I want to thank you all for everything each of you has done. This is a whole-of-government effort. The entire United States Government, in addition to all of our great Afghan team members, have really helped to lay the transition and the progress that we know Afghanistan will make in the decade ahead. We are calling it the Decade of Transformation, because we think we have laid a very strong foundation. The strategic partnership agreement that we signed will guide the enduring partnership between the United States and Afghanistan.

I am going to be announcing formally with President Karzai in just a little bit that President Obama has officially designated Afghanistan as what is called a Major Non-NATO Ally of the United States. There is a very small number of countries that fit into that category. The international community has made concrete commitments to fund the Afghan national security forces. And tomorrow in Tokyo I will be representing the United States at a conference to talk about what we will commit to the civilian side of the equation for Afghanistan's economic development and further progress in governance.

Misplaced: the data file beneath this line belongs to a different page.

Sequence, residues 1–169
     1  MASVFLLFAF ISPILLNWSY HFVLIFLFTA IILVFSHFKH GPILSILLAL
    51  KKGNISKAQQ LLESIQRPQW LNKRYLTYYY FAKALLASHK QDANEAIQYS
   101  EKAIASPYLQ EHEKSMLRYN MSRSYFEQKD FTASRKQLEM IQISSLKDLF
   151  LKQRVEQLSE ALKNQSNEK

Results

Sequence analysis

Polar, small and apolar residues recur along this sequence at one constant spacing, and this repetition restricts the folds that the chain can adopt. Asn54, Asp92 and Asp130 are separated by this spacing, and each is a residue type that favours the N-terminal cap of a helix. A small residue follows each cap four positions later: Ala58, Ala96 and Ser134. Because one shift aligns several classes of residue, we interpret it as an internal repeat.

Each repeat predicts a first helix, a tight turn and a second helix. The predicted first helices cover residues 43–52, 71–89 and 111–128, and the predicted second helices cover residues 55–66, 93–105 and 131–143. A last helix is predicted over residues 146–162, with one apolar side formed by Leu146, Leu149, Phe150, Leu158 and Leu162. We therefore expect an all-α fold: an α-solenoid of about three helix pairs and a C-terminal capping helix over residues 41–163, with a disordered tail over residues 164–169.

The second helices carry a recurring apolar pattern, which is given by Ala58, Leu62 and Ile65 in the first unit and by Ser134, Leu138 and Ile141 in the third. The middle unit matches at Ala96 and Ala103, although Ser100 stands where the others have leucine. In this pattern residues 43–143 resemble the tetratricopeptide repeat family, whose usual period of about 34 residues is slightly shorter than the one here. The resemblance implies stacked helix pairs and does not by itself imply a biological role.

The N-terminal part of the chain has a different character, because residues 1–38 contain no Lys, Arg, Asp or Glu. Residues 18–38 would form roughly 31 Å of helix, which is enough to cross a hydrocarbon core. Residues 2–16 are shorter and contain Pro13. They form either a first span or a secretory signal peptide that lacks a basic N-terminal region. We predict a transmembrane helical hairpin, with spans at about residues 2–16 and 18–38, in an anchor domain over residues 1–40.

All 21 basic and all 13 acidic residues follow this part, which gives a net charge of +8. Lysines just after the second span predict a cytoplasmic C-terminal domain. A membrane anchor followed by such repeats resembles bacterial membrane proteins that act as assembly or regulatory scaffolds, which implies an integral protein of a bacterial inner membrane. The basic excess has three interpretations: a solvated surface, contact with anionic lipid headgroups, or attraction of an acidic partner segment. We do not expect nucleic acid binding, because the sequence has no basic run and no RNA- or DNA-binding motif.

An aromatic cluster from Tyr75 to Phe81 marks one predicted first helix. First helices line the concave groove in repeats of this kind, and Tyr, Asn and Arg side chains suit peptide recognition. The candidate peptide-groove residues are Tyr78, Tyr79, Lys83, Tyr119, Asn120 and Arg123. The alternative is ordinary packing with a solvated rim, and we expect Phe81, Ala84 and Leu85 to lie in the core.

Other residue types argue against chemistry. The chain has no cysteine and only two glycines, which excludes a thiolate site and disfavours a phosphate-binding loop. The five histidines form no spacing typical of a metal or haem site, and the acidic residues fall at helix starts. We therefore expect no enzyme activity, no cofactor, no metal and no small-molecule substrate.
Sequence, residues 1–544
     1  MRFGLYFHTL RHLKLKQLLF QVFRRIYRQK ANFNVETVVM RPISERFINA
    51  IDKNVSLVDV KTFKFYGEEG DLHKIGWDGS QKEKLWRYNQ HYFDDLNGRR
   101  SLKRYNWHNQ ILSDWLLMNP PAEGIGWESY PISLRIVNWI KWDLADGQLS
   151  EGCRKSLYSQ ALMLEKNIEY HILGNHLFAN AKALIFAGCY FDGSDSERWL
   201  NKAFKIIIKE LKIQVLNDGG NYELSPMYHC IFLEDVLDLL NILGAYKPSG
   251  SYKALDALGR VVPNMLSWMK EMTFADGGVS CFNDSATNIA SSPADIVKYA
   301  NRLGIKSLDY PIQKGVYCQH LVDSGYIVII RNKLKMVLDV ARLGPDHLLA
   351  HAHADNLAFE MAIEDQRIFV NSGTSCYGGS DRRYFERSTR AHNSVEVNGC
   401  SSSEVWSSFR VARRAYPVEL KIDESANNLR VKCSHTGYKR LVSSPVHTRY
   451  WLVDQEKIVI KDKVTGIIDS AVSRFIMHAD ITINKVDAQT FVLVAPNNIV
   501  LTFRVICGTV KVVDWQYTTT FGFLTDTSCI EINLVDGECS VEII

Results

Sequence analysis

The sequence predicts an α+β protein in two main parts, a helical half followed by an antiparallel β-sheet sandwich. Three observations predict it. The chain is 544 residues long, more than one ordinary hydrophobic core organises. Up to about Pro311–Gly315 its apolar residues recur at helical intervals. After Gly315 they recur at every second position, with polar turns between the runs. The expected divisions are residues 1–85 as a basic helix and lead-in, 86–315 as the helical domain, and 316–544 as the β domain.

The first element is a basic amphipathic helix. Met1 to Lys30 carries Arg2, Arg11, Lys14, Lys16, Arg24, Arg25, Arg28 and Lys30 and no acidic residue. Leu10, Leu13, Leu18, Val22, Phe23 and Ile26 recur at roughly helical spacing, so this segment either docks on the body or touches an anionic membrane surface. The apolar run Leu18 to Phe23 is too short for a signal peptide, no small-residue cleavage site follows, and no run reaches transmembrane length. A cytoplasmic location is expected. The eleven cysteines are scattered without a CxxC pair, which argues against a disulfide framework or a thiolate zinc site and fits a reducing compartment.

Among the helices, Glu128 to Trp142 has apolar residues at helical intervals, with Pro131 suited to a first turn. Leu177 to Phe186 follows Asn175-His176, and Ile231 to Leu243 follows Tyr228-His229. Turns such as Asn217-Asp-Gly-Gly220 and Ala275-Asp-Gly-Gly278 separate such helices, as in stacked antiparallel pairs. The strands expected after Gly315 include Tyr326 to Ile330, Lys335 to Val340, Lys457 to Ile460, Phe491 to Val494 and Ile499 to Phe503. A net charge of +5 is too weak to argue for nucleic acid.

Today, the responsibility for Afghanistan's future rests squarely where it belongs, with the Afghan people themselves. They alone can make the hard choices and the reforms needed to foster peace and stability, unity, and progress. But we can help them as they do that. And each of you is here because you are a believer in this country's future. None of us has any illusions about how hard the road ahead will be. After 2 attacks on the embassy in 12 months, you know the dangers that come with this job. And you know the challenges, as well. But you also know the rewards and the satisfaction that accrue to those who are working hand in hand with the people of Afghanistan.